Exercising Later in Life: A 93-Year-Old World Rowing Champion Is as Healthy as a 30-Year-Old After Starting to Row at 70

Exercising Later in Life: A 93-Year-Old World Rowing Champion Is as Healthy as a 30-Year-Old After Starting to Row at 70

Exercising Later in Life: A 93-Year-Old World Rowing Champion Is as Healthy as a 30-Year-Old After Starting to Row at 70

It’s not often that researchers use such words as “remarkable,” “exceptional” and “novel” (meaning “new or unusual”) when describing the subject of their study. But these are adjectives investigators used in their case study about 93-year-old Richard Morgan, a resident of Douglas, a suburb in Cork City, Ireland.

Morgan, a four-time master world champion indoor rower, has heart muscles and lungs comparable to that of a 30- to 40-year-old man, according to the healthy aging study that has attracted attention from the international media.

“To our knowledge, this study is the first to characterize the physiological attributes of a competitive rower (4-time master world champion) at an advanced age (over 85 years old),” the authors wrote in the Journal of Applied Physiology.

To have Morgan, a retired baker and battery maker, as the subject of research was the idea of his 29-year-old grandson, Lorcan Daly, an assistant lecturer in exercise science at the Technological University of the Shannon in Ireland, and a co-author of the study.

Daly said his grandfather’s passion for rowing started over two decades ago when he went to a rowing practice session with one of his other grandsons who was a competitive college rower. While there, the coach invited Morgan to try using one of the rowing machines. At the time, Morgan was 73 years old, had creaky knees, and was somewhat out of shape because he did not exercise regularly. Nonetheless, he sat on the rowing machine, and after that, “He never looked back,” Daly said.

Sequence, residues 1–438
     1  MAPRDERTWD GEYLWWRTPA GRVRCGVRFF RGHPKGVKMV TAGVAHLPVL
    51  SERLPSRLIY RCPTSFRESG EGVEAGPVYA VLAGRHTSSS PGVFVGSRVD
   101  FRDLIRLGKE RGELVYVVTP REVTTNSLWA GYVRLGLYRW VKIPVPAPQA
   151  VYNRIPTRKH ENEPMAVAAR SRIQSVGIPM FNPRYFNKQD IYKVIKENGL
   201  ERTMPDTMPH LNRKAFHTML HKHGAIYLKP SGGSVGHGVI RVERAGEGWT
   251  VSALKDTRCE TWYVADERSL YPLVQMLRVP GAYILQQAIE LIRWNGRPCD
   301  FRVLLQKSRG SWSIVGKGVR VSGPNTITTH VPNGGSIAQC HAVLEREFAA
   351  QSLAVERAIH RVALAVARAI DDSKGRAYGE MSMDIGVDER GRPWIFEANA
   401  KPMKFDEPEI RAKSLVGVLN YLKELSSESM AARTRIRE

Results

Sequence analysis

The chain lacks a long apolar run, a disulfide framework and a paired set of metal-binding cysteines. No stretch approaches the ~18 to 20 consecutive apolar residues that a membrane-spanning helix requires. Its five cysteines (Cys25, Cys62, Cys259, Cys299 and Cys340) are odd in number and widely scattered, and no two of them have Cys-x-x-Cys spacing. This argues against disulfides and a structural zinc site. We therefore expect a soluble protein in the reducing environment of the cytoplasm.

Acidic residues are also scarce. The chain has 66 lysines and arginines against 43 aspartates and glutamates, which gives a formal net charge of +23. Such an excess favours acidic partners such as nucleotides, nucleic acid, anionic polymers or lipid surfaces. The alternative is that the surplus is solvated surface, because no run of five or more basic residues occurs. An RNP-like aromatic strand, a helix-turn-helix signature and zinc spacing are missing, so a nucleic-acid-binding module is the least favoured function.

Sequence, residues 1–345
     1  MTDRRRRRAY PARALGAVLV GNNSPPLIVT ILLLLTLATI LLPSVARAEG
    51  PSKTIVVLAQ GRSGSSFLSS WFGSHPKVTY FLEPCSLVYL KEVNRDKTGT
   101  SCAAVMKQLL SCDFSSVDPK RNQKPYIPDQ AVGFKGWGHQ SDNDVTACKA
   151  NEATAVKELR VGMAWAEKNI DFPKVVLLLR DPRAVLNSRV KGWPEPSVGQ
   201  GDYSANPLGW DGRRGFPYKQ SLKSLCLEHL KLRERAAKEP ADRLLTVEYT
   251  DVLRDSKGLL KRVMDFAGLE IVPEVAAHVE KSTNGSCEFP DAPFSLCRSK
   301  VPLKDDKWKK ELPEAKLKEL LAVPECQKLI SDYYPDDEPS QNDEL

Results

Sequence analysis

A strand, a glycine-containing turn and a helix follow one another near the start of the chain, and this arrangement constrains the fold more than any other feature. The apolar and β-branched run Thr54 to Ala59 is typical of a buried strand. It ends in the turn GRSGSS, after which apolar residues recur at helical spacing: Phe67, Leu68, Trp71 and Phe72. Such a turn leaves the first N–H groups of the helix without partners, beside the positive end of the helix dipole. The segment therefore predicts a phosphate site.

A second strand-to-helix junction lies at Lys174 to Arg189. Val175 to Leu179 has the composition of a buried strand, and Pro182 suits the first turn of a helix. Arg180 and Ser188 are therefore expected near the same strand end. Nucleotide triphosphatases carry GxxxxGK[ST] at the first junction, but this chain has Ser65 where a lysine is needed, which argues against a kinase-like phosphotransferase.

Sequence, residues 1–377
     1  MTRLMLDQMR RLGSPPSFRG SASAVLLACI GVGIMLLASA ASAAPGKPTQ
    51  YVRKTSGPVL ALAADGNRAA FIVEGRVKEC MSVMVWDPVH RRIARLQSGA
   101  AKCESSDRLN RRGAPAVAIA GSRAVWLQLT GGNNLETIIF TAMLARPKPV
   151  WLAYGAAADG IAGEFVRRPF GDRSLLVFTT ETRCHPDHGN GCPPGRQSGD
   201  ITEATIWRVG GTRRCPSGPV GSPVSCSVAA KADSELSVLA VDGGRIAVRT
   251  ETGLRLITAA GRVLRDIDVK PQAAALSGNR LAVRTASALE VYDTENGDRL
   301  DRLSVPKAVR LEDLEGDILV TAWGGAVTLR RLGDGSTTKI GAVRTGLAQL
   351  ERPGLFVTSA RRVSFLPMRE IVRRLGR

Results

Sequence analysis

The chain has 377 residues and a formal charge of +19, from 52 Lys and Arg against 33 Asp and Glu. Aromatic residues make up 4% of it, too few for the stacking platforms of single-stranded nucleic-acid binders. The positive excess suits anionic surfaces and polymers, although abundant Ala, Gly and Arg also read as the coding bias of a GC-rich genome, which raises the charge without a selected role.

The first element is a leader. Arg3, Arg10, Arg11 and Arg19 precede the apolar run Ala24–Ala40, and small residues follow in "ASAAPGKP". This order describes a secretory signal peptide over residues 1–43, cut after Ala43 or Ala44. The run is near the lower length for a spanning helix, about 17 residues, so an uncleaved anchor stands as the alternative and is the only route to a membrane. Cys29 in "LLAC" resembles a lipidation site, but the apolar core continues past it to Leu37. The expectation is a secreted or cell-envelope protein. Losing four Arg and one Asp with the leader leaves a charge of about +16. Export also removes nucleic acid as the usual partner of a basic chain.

Impressed with Morgan’s dedication to indoor rowing over the years, Daly approached his colleagues about studying his grandfather’s physiology and exercise habits. Philip Jakeman, a professor in physical education and sports science at the University of Limerick (UL) in Ireland, and Bas Van Hooren, a strength and conditioning specialist at Maastricht University in the Netherlands, agreed to Daly’s suggestion.

The Study’s Findings Stun Researchers

Morgan was 92 years old when the research team invited him to the UL’s physiology laboratory. The team measured Morgan’s height, weight, and body composition, and collected detailed information about his diet and his training characteristics. They also assessed his metabolism, heart function, and lung capacity. The scientists were amazed that the 165-pound Morgan had 80 percent muscle mass and likely only 15 percent fat.

The investigators also hooked Morgan up to vital monitoring machines and had him race a simulated 2,000-meter time trial on the rowing machine while they monitored his heart, lungs, and muscles. Although Morgan had trouble seeing the rowing machine monitor, the researchers said he “just took off.”